Ger­many and France warn of rise in anti-Semitism

Belfast Telegraph - - NEWS - BY TIM SMITH

CHAN­CEL­LOR An­gela Merkel and Ger­many’s main Jew­ish leader have warned against tol­er­at­ing mod­ern-day anti-Semitism and racism as they marked the 80th an­niver­sary of the Nazis’ purge of Jew­ish peo­ple on the in­fa­mous “Night of Bro­ken Glass”.

On Novem­ber 9, 1938 — known as Kristall­nacht — Jews were ter­rorised through­out Ger- many and Aus­tria. At least 91 peo­ple were killed, hun­dreds of syn­a­gogues burned down, 7,500 Jew­ish busi­nesses van­dalised, and up to 30,000 Jew­ish men ar­rested, many of whom were taken away to con­cen­tra­tion camps.

Twenty years af­ter Ger­many’s de­feat in the First World War and five years af­ter Adolf Hitler took power, state-driven anti-Semitism “made it pos­si­ble for many Ger­mans to live out longheld re­sent­ments, to live out ha- tred and vi­o­lence”, Mrs Merkel said. “With the Novem­ber pogrom, the road to the Holo­caust was mapped out.”

She spoke in a cer­e­mony at a Ber­lin syn­a­gogue. The head of Ger­many’s Cen­tral Coun­cil of Jews, Josef Schus­ter, said the build­ing was set alight in 1938 and the blaze put out rel­a­tively quickly only so it would not en­dan­ger neigh­bour­ing houses.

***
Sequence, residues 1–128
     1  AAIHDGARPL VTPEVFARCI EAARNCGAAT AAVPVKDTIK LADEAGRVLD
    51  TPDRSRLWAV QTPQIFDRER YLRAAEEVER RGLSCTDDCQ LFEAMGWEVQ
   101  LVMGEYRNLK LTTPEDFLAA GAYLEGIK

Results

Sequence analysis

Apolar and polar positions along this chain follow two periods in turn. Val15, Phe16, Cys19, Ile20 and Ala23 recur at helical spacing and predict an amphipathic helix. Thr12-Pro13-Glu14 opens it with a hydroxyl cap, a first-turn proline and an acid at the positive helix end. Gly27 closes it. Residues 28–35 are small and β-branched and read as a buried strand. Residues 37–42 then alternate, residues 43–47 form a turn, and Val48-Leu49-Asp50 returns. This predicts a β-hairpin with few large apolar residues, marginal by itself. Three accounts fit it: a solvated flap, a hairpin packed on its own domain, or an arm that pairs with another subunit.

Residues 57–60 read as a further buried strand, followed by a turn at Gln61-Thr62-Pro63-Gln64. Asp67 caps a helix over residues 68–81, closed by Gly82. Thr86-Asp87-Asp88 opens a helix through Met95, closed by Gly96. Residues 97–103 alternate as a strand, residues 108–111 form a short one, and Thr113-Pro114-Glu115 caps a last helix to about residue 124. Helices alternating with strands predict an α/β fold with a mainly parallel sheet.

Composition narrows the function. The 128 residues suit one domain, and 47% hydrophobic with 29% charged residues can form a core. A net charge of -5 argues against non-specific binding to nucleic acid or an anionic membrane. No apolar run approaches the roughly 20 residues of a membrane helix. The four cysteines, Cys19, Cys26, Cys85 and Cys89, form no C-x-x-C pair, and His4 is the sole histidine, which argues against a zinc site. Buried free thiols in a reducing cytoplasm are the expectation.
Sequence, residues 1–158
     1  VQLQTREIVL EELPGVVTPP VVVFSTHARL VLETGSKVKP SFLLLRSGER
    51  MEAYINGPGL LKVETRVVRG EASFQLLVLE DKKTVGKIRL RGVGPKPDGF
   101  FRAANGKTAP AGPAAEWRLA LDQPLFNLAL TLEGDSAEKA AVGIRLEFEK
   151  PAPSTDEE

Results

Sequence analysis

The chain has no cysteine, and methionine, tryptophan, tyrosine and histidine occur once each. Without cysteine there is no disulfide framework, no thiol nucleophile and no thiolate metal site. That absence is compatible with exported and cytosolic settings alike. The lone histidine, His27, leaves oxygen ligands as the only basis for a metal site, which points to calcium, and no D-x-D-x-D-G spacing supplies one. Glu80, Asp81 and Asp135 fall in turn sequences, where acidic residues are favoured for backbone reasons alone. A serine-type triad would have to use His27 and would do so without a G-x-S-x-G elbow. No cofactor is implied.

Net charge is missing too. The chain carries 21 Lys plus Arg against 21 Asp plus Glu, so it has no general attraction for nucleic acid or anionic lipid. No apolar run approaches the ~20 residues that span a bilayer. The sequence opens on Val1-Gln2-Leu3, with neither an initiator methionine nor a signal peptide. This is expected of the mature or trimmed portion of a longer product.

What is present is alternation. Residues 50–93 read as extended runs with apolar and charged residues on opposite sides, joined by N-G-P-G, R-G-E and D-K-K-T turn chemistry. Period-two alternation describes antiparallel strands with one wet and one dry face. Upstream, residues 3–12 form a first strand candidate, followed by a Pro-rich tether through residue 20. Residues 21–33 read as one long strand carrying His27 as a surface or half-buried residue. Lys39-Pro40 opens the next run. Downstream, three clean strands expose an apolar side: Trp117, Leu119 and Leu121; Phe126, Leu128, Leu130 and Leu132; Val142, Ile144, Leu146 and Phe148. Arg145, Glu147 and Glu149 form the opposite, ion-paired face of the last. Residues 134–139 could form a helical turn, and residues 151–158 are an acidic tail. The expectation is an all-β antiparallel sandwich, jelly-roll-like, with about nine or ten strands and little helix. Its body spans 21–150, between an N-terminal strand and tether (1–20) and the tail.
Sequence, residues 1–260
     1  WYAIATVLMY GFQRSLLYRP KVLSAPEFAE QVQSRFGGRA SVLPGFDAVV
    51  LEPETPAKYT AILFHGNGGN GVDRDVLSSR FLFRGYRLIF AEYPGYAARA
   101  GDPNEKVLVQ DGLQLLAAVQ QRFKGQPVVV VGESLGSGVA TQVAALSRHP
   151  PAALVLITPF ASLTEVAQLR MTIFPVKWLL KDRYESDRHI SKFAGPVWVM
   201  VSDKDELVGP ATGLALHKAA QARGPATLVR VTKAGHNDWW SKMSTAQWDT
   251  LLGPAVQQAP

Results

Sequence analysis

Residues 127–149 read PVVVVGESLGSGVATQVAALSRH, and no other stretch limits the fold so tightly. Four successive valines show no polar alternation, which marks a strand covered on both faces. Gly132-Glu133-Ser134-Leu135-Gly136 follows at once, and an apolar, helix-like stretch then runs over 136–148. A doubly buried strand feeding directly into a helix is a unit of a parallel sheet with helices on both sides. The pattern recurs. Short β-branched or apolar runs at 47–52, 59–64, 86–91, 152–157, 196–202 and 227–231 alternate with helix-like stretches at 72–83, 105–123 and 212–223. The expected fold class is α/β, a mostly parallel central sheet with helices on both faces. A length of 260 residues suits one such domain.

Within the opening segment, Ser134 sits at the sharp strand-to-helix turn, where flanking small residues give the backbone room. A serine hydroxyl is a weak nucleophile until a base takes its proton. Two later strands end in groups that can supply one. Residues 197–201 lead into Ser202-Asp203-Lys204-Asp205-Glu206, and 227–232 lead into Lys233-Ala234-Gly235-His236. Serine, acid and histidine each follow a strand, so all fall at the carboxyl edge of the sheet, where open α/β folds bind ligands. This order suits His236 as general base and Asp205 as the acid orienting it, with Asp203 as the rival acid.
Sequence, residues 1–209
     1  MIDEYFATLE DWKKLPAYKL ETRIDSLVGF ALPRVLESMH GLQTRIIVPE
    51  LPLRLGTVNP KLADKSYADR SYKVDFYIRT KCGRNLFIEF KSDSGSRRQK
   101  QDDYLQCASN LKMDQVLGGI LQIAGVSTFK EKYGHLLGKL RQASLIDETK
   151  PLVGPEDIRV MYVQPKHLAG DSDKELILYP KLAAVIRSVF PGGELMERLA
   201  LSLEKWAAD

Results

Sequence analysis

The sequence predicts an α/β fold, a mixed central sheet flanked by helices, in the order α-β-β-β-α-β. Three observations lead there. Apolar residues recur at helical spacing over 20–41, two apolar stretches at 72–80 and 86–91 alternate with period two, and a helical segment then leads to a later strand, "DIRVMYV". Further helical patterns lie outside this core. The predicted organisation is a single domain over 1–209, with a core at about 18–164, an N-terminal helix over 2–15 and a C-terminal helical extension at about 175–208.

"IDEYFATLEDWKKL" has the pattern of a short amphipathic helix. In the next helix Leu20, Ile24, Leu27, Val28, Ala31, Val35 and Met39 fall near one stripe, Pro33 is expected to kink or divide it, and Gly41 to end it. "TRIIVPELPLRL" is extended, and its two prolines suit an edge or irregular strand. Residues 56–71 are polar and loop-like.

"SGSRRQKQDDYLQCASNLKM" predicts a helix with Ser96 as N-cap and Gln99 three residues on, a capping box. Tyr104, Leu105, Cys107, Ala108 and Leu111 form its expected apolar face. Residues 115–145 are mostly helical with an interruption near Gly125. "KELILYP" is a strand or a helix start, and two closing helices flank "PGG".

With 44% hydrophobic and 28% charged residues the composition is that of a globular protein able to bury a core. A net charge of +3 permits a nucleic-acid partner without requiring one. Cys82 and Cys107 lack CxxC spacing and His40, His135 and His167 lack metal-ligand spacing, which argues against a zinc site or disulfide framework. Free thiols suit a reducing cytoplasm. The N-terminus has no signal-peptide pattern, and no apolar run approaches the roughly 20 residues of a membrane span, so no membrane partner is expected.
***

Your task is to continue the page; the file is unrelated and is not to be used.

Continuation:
Mr Schus­ter said that, while the Nazis’ SA and SS or­gan­isa- tions were be­hind the pogrom, thou­sands of Ger­mans took part. He added that, while mod­ern-day at­tacks on Jews, mi­grants and Mus­lims can­not be equated with the crimes of the Nazi era, “I see it as a dis­grace for our coun­try that such things hap­pen in Ger­many in 2018”.

He con­demned the far-right Al­ter­na­tive for Ger­many party, which he said has “re­spect for noth­ing” and which was not in­vited to yes­ter­day’s event.

The party en­tered Ger­many’s par­lia­ment last year.

In France, prime min­is­ter Edouard Philippe sounded the alarm over a sharp rise in anti-Semitic acts this year, pledg­ing to in­crease ef­forts to pun­ish per­pe­tra­tors.

Mr Philippe an­nounced on his Face­book page a 69% rise in the num­ber of anti-Semitic acts re­ported to po­lice in the first nine months of 2018 com­pared with the same pe­riod last year.

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